Like I said, if you want to criticize the civilian leaders involved, please, be my guest. Just don't belittle the sacrifices made by those who bore more consequences from those decisions than anyone else in this country.
What are you talking about? He's a vet with PTSD. You don't get PTSD without trauma (hint: it's in the name), and trauma implies danger. Doesn't fucking matter whether we were at war at the time, or whether or not military action was the ideal course of action. He was serving his country, and his country ordered him into danger. Ergo, he risked his life for his country.
If you want to criticize the elected officials involved in the "war on terror", I'm right there with you, but don't be dismissive of his or other vets' sacrifices. It's just disrespectful.
Ehhh... The one about the second ammendment is just wild hypothetical boasting, with the intent of making a political statement. The other one is actually the more concerning of the two, but it's still clearly someone venting anger through violent fantasies. Neither statement is a direct threat, and they shouldn't be treated as such. Both of those statements are, of course, quite offensive and divisive, but since when was that grounds to put someone through a "voluntary" psych eval?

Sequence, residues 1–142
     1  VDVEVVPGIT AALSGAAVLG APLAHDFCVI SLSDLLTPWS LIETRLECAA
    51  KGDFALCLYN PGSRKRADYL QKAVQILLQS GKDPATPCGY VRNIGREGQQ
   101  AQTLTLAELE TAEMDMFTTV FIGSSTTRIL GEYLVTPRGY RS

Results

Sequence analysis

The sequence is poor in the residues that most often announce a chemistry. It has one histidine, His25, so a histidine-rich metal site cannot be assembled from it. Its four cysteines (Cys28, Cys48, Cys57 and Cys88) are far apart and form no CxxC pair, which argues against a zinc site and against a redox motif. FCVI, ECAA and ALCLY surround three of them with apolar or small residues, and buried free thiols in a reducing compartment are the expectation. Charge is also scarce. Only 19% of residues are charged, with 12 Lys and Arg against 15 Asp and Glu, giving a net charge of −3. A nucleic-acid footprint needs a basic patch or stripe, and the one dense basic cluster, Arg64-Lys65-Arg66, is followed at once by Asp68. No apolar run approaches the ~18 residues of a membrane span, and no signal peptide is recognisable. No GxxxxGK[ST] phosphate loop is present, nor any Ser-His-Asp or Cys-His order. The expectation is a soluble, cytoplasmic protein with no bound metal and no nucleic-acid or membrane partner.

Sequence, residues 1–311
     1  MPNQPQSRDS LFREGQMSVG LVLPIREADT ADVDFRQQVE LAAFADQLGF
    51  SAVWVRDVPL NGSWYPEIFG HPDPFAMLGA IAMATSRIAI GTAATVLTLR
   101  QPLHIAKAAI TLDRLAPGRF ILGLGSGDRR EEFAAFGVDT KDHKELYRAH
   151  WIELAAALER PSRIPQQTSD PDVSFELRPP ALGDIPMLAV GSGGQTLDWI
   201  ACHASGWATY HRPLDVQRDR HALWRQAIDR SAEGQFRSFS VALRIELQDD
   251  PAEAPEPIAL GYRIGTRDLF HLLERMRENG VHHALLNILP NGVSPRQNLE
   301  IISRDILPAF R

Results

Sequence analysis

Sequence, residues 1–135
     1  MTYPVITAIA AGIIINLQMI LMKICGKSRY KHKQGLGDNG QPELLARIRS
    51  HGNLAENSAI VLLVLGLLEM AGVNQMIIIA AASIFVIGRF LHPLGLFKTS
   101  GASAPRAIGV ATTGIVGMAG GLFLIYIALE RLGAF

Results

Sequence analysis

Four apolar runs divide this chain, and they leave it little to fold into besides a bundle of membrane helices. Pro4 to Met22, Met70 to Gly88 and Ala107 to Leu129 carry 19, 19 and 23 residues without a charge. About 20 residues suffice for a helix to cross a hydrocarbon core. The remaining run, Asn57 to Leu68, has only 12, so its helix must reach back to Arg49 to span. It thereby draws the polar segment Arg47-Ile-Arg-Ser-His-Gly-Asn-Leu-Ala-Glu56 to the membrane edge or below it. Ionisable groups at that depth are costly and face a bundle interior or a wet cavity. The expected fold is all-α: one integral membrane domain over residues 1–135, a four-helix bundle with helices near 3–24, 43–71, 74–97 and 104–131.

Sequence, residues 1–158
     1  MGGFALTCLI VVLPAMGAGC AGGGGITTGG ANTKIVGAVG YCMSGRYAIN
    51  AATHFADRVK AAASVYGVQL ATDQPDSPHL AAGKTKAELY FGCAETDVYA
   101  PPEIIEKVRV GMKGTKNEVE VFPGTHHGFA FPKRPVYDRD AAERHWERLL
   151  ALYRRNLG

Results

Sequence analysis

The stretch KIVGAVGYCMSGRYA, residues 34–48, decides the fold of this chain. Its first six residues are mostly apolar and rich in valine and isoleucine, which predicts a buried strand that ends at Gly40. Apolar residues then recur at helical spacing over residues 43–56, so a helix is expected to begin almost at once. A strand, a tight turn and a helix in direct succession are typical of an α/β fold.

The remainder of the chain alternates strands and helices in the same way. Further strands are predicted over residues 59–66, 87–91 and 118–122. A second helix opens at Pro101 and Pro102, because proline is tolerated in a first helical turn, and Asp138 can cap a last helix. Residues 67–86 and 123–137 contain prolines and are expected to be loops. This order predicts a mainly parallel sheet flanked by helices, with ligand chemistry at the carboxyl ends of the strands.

Why don't you blame the ISP used to access the information while you're at it, or the manufacturer of the device used, or hell, blame Pope Gregory XIII for the calendar being used to mark age, because that makes exactly as much sense as what you just said.
No, you're fairly correct on the first one. As the number of subscribers approaches zero, the monthly bill required to maintain revenue approaches infinity.
As the cost of service increases, they lose subscribers, which increases the cost of service, which loses subscribers, et cetera ad nauseam. It's a self-reinforcing cycle, and if they don't do something about it right now (such as accepting lower revenue rates, or improving customer experience) they have no chance of avoiding the forthcoming point of criticality which starts the runaway chain-reaction.
It is possible to think that both actions were wrong. Well, actually, all three actions.